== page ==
• Cravings
  • Size (and thus, price)
  • Liquid base (milk, coffee, etc.)
  • Flavors to add to the liquid base
  • Caffeine content (does it have espresso in it?)
It's was "short," but it
was good.
I was craving coffee, but not an overabundance of caffeine. As far as size goes, I always order a "short" because I'm cheap (plus my gift card only had $5.00 on it).  I didn't want what flavor was "in" at the moment--the Pumpkin Spice Latte (I can't stand the taste of pumpkin spice).  My research brought me to the Caramel Macchiato; a good combination of a little bit of coffee and a little bit of sweetness.  I confidently gave my order to the barista.  I say "confidently" because she didn't look at me like I was crazy. 

I will say that I would have enjoyed my order more if I'd known I needed to stir the drink before partaking.  All the sweetness and flavor were at the bottom.  I'll know better when I get one again...and I will.

So, maybe I can now confidently "dink it and sink it."

(Again, I'll post a pic of my badge when it arrives.  Sorry to complain, but it really shouldn't take so long just to ship something from Texas to Colorado. Good gravy!)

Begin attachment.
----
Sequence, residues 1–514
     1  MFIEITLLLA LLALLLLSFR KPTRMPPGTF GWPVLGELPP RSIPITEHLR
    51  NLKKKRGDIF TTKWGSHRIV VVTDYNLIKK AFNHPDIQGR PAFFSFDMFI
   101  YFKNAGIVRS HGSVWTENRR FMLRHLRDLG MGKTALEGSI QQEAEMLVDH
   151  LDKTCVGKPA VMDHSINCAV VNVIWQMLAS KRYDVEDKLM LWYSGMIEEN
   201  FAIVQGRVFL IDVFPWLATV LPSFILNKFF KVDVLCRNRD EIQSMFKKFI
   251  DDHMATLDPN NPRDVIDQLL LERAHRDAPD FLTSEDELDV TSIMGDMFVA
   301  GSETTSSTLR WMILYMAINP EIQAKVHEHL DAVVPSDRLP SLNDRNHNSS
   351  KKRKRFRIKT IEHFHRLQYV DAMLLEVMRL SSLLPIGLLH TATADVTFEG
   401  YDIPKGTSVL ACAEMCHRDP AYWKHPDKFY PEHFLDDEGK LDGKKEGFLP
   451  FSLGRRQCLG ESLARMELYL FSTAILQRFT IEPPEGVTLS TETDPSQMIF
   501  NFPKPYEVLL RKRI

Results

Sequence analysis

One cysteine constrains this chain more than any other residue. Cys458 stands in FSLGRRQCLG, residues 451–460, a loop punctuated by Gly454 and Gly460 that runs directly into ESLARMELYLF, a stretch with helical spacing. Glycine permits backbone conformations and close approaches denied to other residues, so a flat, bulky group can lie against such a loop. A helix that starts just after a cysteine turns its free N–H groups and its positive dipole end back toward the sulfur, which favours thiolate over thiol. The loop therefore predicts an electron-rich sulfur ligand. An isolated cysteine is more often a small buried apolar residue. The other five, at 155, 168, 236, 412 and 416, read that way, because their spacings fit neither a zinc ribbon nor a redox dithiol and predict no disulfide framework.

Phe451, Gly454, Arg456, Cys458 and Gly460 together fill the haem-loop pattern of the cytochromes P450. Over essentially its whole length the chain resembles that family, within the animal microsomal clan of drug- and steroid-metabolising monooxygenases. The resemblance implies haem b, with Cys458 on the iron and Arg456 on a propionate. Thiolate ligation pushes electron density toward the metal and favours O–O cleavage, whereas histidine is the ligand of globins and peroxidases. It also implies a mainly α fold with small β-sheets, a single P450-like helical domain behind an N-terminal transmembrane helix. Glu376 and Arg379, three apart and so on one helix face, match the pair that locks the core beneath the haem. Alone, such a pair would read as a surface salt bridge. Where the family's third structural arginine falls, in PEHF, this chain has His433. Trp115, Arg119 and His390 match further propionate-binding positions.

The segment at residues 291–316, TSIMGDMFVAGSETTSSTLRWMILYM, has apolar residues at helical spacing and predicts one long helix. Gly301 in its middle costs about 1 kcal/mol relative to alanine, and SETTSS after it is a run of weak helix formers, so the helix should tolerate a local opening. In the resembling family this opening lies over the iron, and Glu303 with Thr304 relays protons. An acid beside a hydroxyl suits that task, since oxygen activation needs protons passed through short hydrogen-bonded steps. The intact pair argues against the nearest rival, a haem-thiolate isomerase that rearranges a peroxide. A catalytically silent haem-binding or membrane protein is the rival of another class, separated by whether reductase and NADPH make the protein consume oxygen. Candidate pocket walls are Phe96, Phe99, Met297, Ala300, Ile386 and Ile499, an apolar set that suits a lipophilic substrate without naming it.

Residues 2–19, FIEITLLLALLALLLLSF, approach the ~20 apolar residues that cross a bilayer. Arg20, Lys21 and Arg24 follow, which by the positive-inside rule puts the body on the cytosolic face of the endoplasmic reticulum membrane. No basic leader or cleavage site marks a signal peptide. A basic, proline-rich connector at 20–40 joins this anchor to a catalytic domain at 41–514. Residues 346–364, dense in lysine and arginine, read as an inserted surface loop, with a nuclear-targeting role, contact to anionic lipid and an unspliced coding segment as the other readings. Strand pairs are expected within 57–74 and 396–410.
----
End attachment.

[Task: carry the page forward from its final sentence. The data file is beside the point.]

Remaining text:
Sunday, September 9, 2018

Aluminum Anniversary: The Simple Woman's Daybook

If you would like to join in and post your own Daybook, please head on over to visit Peggy at The Simple Woman's Daybook

For Today:  Sunday, September 9 , 2018

Outside my window   Fall is definitely in the air. 

I am thinking... 
  • ...about modern Christian/worship music.  After being part of worship teams for more than thirty years, I can safely say that I'll be glad when it goes back to sounding like 80's music.  Yeah, I know I sound like an old fart, but hear me out.  In the 80's (and to a certain extent in the 90's), the majority of Christian/worship music was a celebration of who Jesus is and all that He has done and continues to do in our lives.  We worshipped and praised with reckless abandon.  Now, all the female singers I hear on the airwaves are trying to sound like Adele (depressive tone and all), with every song sounding like God is mad at everybody.  The world beats us down enough; we don't need to add to it.  Can we get back to celebrating?  Please?